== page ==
Depending on how compacted the soil is, I may broadfork the plot, then I’ll layer composted chicken manure and municipal compost. Like Fukuoka, I’ll scatter seeds, gently rake them in, add straw and seaweed mulch, then water. In amongst the emerging seeds, I transplant fall and winter crops like kale, collards, and beets, which I have seeded in soil blocks around the time I harvested the garlic. Soil blocks are the lazy gardener’s friend – no plastic, no garbage, just a square of soil ready to be popped into the ground. Just before freeze-up in December, I put hoops in the ground, cover it all in plastic, and – voilà – instant greenhouse for four-season growing!
In some parts of the 6,000-square-foot yard around my company house in New Waterford, N.S., the food grows by itself. By fall, the kale and lettuce I’ve let go to seed (which fed my honeybees throughout July) have started to dry and fall over. Though I collect and save seeds, I prefer to let the seeds plant themselves. I’ll throw manure and compost on top of my “perpetual kale yard,” and just let the kale grow back on its own. The kale tends to move around, in part thanks to the chickens. Carol Deppe, in The Tao of Vegetable Gardening, advises that the only plants that really need to be rotated each year are tomatoes and other nightshades, so I don’t worry too much about rotating my other crops.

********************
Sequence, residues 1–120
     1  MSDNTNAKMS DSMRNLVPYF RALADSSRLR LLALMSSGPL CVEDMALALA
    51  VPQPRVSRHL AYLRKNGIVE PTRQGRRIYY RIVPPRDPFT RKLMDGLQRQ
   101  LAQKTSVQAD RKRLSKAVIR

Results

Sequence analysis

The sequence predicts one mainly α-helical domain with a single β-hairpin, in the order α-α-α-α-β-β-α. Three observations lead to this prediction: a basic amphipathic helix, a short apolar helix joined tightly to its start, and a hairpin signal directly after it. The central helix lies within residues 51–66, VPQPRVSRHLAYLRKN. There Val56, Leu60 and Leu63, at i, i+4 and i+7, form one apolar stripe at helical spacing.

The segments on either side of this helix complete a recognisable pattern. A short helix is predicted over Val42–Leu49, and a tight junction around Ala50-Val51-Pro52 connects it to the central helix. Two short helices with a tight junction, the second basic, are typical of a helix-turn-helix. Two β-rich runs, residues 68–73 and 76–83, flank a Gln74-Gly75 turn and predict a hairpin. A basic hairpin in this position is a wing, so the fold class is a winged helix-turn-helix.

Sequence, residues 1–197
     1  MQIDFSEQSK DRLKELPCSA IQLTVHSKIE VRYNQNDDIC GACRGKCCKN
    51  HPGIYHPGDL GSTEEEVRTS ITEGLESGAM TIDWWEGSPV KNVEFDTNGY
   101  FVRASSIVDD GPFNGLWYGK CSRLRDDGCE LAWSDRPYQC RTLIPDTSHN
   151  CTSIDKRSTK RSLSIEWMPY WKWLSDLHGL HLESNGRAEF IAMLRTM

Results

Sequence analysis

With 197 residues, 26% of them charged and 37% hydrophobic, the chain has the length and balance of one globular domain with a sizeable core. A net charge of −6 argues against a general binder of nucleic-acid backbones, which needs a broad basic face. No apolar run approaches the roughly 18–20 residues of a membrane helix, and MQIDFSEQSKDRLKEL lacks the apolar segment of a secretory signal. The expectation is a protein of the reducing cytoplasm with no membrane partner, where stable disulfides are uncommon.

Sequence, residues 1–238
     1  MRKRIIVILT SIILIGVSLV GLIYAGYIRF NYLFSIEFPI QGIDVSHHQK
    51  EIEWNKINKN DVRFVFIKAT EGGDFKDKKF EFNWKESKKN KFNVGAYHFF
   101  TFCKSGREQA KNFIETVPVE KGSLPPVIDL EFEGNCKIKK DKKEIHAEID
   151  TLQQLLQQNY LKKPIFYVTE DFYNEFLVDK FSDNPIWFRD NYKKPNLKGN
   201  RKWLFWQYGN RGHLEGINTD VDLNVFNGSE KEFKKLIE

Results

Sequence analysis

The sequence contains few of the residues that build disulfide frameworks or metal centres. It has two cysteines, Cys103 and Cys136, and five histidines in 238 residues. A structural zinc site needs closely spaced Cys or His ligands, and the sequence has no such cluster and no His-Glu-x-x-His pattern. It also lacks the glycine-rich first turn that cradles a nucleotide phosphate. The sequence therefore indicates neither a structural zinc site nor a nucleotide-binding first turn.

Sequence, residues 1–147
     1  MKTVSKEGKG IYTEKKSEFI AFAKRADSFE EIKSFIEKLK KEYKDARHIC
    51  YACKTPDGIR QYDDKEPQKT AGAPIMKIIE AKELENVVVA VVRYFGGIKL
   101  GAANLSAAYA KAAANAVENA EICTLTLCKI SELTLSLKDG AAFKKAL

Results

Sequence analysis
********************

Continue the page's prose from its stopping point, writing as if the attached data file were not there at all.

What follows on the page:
As a four-season grower, I don’t really put my garden to bed for winter, but rather tuck it in. Instead of ripping up spent plants, I leave them in the soil to break down naturally; that way, as Fukuoka suggests, the nutrients those plants took from the soil go right back into the soil. The plants also add extra protection from winter erosion. The only time I ripped up plants was the year my beans got blight. It broke my heart to put something biodegradable into the trash, but thanks to better soil management, it never happened again. My summer and winter squash almost always turn grey from powdery mildew, which in our Maritime climate is unavoidable. I compost my squash vines and tomato plants only because, by fall, I’m tired of tripping over them. I snip the plants at the base of the stem, and leave the roots in the soil to rot – again, to add back nutrients. Everything else, I leave in the garden.